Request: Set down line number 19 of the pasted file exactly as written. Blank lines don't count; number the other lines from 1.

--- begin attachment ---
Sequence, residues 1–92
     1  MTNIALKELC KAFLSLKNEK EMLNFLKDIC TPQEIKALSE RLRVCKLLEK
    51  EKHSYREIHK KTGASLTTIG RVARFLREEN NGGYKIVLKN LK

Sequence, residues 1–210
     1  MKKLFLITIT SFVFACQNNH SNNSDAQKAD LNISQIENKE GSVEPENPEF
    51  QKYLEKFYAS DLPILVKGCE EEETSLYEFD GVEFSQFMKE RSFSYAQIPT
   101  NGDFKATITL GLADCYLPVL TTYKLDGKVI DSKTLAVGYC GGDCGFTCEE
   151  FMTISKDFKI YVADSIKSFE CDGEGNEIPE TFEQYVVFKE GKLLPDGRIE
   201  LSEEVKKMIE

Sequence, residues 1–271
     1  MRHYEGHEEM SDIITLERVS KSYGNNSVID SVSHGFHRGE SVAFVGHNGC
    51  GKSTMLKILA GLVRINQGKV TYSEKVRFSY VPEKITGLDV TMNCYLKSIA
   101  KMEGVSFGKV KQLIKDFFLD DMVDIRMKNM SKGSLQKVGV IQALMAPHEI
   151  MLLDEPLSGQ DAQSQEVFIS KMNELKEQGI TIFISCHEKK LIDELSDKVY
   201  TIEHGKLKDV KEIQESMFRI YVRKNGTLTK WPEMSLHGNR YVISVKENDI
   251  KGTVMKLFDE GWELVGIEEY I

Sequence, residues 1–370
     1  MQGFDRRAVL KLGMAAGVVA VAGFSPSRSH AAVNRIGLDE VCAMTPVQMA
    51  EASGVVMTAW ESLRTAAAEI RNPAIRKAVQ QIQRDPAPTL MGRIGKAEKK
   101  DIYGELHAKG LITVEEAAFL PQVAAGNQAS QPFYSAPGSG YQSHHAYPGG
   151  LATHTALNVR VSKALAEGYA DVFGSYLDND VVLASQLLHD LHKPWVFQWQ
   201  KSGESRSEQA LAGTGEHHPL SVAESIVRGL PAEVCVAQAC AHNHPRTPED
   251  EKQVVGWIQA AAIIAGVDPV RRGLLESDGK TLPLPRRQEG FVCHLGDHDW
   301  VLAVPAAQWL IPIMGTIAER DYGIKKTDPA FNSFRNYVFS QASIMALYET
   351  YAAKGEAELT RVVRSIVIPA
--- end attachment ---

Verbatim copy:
    51  EASGVVMTAW ESLRTAAAEI RNPAIRKAVQ QIQRDPAPTL MGRIGKAEKK